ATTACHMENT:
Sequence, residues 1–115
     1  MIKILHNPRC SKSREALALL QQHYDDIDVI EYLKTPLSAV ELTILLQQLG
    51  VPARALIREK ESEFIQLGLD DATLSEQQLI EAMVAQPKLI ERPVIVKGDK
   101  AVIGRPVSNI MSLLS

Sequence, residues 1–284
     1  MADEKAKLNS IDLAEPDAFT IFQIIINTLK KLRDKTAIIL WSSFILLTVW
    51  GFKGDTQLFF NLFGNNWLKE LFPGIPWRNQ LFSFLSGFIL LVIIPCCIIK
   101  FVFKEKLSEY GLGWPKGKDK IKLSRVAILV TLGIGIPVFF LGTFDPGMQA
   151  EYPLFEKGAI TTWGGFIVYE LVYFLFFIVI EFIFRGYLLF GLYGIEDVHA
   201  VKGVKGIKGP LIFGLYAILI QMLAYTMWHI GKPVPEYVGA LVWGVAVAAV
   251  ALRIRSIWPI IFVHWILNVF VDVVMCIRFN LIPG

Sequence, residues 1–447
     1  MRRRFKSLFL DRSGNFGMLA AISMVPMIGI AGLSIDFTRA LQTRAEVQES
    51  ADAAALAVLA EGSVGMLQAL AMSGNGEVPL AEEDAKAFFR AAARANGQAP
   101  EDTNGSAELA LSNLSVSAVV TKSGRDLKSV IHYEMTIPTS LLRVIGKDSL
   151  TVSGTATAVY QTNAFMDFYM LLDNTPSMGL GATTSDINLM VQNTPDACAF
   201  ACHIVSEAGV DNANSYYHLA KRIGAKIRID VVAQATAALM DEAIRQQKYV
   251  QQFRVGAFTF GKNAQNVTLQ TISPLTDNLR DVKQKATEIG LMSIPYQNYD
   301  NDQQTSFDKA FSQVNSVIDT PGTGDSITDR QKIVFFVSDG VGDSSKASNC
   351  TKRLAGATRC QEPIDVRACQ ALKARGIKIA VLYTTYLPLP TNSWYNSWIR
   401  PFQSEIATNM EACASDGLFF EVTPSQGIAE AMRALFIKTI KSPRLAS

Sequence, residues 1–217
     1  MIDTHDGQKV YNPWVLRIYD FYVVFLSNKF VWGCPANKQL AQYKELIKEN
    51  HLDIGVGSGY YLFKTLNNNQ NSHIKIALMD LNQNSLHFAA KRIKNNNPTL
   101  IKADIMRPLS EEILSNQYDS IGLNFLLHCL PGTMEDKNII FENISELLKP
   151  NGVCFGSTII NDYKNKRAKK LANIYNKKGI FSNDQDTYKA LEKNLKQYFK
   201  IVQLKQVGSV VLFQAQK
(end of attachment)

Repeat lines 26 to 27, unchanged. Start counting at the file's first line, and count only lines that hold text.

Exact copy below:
   151  NGVCFGSTII NDYKNKRAKK LANIYNKKGI FSNDQDTYKA LEKNLKQYFK
   201  IVQLKQVGSV VLFQAQK